Place the plate of bean sprouts, basil, lime and chile peppers on the
table,
allowing diners to help themselves.

Source: "All New Joy of Cooking" by Irma S. Rombauer





Chinese Egg Drop Soup with Noodles

5 cups chicken stock, or 4 cups chicken broth plus 1 cup water
1 teaspoon soy sauce
2 tablespoons medium-dry sherry
1 (2-inch) piece fresh ginger, thinly sliced
1 garlic clove, smashed
1 cup dried fine egg noodles, (1 ounce)
2 large eggs, lightly beaten
1 to 2 scallions, thinly sliced
1 1/2 teaspoons Asian sesame oil, or to taste

Bring stock, soy sauce, Sherry, ginger, and garlic to a boil in a
2-quart heavy saucepan.
Remove ginger and garlic with a slotted spoon and discard.
Stir in noodles and simmer, uncovered, until tender, about 4 minutes.
Stirring soup in a circular motion, add eggs in a slow, steady stream.
Simmer, undisturbed, until strands of egg are cooked, about 1 minute.
Remove
from heat and stir in scallions (to taste) and sesame oil. Season with
salt.

Makes 4 servings.

Source: Gourmet via www. epicurious.com





Double Celery Soup

1 medium celery root (about 1 pound), peeled and diced
10 celery ribs, cubed
3 leeks, trimmed, well rinsed and cut into thin rounds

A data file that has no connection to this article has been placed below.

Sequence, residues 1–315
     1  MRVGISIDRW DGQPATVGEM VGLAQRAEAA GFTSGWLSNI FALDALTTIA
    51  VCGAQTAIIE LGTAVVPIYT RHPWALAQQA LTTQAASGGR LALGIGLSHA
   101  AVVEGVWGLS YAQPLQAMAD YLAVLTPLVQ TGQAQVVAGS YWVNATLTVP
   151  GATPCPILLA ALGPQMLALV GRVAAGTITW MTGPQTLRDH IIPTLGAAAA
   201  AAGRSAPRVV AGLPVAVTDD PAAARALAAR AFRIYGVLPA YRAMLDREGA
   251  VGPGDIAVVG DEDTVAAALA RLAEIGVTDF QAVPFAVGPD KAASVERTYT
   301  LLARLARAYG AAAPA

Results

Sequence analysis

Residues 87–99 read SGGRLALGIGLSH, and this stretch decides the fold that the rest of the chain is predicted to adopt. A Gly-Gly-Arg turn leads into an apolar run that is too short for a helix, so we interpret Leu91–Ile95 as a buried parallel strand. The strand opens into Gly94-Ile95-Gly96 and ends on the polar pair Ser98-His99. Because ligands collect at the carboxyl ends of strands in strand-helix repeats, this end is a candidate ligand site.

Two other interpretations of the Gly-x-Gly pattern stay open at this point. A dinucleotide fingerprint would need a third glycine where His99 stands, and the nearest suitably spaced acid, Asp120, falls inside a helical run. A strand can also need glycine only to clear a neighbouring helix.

Bouquet garni: 1 large sprig of thyme, 3 imported bay leaves, several
sprigs
of parsley, tied with a string
2 quarts chicken stock, preferably homemade
Salt and freshly ground pepper
A handful of chopped fresh herbs for garnish: including chervil, chives
and
flat-leaf parsley

In a large saucepan, combine the celery root, celery, leeks and
bouquet garni. Add the stock, and season gently with salt and pepper.
Bring
to a simmer over medium high heat. Simmer until the vegetables are soft,
about 25 minutes. Adjust the seasonings. Pour into warmed shallow soup
bowls. Sprinkle with the chopped herbs and serve immediately.

Serves 6 to 8.

Source: "Bistro Cooking" by Patricia Wells





Shrimp Broth with Lemongrass, Chile and Ginger

3/4 pound uncooked large shrimp
6 14 1/2-ounce cans low-salt chicken broth
1 cup finely chopped carrot
1/3 cup thinly sliced fresh lemongrass
3 tablespoons finely chopped fresh ginger
2 tablespoons minced garlic
1 1/2 tablespoons finely chopped fresh basil
1 1/2 tablespoons finely chopped fresh mint
1 1/2 tablespoons finely chopped cilantro
1 small serrano chile, stemmed, thinly sliced into rounds
1 1/2 teaspoons fresh lime juice
6 thin lime slices

Peel and devein shrimp; reserve shells. Halve shrimp lengthwise.
Transfer shrimp to small bowl. Cover and chill.
Combine reserved shrimp shells, broth and next 4 ingredients in large pot.
Bring to boil. Reduce heat; simmer uncovered 20 minutes to blend flavors,
stirring and skimming surface occasionally. (Can be made 1 day ahead.)
Cover; chill.

Strain broth into large bowl, pressing on solids with back of spoon to
release as much liquid as possible; discard solids. Return broth to pot.
Bring to simmer. Remove from heat. Add shrimp, herbs, chile and lime
juice.
Cover and let stand until shrimp are opaque, stirring once, about 2
minutes.
Ladle into bowls. Garnish with lime. Serves 6.

Nutrition information: calories 122, fat 4 grams.
Source: Bon Apptit, via http://www.epicurious.com/



Clipping-Cooking Digest
Posted By: "Sharon
FROM ANN IN FLA